Alternative ways to get rid of unwanted items


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Alternative ways to get rid of unwanted items

When you want to get rid of your old, used belongings or household items, chucking them in the bin isn't the only option. We look at some environmentally friendly alternatives that can help you to get rid of your unwanted possessions.

Swapping is a fun and profitable alternative to throwing out your clothes.

In 2008-2009, Australia produced over 14 million tonnes of municipal solid waste, with an estimated 642kg of waste generated per personi. On a household level, recycling rates have increased, with 99% of households claiming that they had recycled or reused at least part of their waste in March 2009ii.

If you need to get rid of your unused or unwanted belongings and household items, consider options that will reduce your impact on the environment. We look at several alternatives to waste disposal that can be environmentally sustainable, fun and even profitable!

Sell

Selling your unwanted household goods like old fridges, TVs, and furniture, is a great way to put your waste into good use (and you might even make a profit from it!). You can sell online using 'online marketplaces' such as eBay or Gumtree, or in person at pawnshops. If you're feeling particularly charitable or just want to get rid of your stuff ASAP, then you might want to consider using other 'online marketplaces' such as Yours2Take, Ziilch, or Reusemoose. These websites let you offer your own possessions or claim other people's unwanted possessions for free!

Swap

Making a quick dollar by selling your unwanted possessions isn't the only way you can gain from getting rid of them. Swapping is another fun and profitable alternative to throwing out your old things. So long as they are clean and in good enough condition to be reused, they can be exchanged for items you actually want (and it can even be a fun swapping experience!). You can attend a clothes swap day organised in your local community or a nationwide event such as National Swap Day organised by the Clothing Exchange, which usually partners with a range of Australian charities from the Australian Red Cross to Oxfam. Events such as these are a way to give back to the community and go on a shopping spree without spending any money! If clothes aren't the only thing you have lying around, try Swap Exchange, an online facility that allows you to trade a good or service for something else. For example, you could offer your fridge in exchange for some swimming lessons!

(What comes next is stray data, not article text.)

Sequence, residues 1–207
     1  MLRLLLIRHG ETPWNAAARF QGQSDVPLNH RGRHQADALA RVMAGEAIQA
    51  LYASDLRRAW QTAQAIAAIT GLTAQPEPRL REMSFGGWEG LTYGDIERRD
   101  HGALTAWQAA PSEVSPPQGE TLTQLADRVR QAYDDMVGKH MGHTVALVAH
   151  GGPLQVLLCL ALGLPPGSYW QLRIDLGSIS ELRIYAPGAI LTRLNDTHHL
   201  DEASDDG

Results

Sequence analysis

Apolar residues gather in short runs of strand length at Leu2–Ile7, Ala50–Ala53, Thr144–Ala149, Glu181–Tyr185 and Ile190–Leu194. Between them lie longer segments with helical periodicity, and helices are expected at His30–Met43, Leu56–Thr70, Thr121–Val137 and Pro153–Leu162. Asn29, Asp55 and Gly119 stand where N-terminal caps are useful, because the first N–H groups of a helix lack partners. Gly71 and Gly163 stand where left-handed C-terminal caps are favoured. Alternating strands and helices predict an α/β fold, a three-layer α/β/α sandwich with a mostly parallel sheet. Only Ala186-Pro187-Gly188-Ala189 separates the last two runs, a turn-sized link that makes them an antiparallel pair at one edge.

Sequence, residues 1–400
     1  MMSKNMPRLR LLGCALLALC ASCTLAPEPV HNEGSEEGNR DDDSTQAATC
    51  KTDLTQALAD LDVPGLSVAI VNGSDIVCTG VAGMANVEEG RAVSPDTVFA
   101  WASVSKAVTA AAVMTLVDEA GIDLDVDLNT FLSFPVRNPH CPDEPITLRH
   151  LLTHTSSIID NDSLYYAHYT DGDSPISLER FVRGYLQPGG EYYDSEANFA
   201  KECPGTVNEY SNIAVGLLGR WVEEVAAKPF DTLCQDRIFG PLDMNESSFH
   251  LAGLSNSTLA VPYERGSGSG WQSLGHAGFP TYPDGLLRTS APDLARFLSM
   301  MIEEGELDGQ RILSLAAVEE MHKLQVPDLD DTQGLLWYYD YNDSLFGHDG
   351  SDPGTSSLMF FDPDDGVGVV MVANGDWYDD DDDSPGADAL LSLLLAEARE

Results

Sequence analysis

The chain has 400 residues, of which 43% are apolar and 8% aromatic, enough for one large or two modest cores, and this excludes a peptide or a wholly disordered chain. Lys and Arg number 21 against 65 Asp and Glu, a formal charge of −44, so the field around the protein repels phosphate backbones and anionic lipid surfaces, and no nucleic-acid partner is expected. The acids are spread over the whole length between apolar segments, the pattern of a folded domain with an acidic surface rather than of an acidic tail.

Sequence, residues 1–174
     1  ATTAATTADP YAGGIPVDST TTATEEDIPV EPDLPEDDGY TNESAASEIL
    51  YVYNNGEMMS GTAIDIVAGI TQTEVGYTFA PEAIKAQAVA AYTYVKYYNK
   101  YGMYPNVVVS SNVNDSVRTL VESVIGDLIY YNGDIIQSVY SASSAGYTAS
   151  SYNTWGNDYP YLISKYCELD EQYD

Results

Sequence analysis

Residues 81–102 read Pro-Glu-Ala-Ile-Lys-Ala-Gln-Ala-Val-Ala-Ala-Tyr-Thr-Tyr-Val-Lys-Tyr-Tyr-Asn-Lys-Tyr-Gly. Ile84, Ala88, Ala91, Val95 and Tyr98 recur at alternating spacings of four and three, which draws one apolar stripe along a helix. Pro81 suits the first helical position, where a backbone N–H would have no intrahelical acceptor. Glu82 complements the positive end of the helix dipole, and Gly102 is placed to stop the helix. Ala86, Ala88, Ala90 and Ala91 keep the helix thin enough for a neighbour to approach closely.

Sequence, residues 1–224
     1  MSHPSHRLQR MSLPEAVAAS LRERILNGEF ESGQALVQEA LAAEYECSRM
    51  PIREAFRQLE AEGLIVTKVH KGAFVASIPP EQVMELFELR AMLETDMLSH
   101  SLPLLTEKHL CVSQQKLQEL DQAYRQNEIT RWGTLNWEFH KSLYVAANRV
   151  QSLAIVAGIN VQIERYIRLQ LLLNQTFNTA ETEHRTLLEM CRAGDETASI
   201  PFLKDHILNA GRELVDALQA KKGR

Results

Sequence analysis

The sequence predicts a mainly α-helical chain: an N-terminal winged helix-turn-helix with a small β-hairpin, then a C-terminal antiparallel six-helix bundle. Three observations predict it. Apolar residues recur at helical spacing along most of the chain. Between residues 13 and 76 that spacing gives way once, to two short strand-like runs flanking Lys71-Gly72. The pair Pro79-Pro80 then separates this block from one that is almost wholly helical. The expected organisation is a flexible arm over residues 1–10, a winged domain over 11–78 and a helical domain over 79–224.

Donate

They say that one man's trash is another man's treasure, and donating your unwanted goods is another great way to get rid of your unwanted possessions while giving back to the community. There are many clothing banks, charity stores or 'op shops' that are willing to accept your unwanted goods, so long as they are in a sellable or reusable condition. Some to look out for include those affiliated with the Salvation Army, St. Vincent de Paul, and the Australian Red Cross.

These charity shops provide donated clothes and household items at reasonable prices so that those on low incomes, bargain hunters, or people looking for something pre-loved and unique can take advantage. These shops also use the profits from the sale of your unwanted items to raise funds for charitable causesii.

Putting your clothes in a charity bin is a great way to give back to the community.

Recycle

Households can recycle their plastics, aluminium and paper alongside other non-recyclable landfill waste (including food) by placing them in their respective garbage bins, which are collected by local council garbage services.

There are some things that can be recycled which your local council may not collect. Construction material including metal and timber, and electronics fall into this category. Sims Metal Management can take metals, tyres, plastic, batteries and electronics off your hands, while Soft Landing can take care of your mattress disposal. TechCollect, Ewaste and various schemes by local and state governments can help you dispose of e-waste (computers, computer products) and televisions responsibly. If you need more information on what you can and cannot recycle and where you'll be able to drop-off your goods, visit the Planet Ark website.

Upcycling: what is it?

Your old dysfunctional fridge might very well be just that, but did you know it could also be a storage space for video games and consoles? Or that your old ladders and suitcases could be made into cool storage spaces? Get creative with your household junk by upcycling! Upcycling is recycling of a different kind; it entails reusing materials or objects so as to create a product of higher quality or value than the originaliii. There are many websites where you can get inspired or find ideas for your own creations.

These alternative methods of disposal can be fun, rewarding and profitable for you and the environment! So next time you need to get rid of something, don't look to the footpath, nature strip or back lane, choose a more environmentally sustainable approach - it'll be worth your while!


i Department of Sustainability, Environment, Water, Population and Communities, 2011, Waste and Recycling in Australia 2011, p. 45,
http://www.environment.gov.au/wastepolicy/publications/pubs/waste-recycling2011.pdf

ii Australian Bureau of Statistics, 2010, 1301.0 Year Book Australia, 2009-10: Waste Generation and Disposal,
http://www.abs.gov.au/ausstats/abs@.nsf/0/392265C4C12E1E39CA25773700169C2E?opendocument

iii St Vincent de Paul Society, Vinnies Retail Centres,
http://www.vinnies.org.au/vinnies-centres-national?link=407

iv "upcycle". Oxford Dictionaries. 2010. Oxford University Press,
http://oxforddictionaries.com/definition/english/upcycle
(accessed May 15, 2013).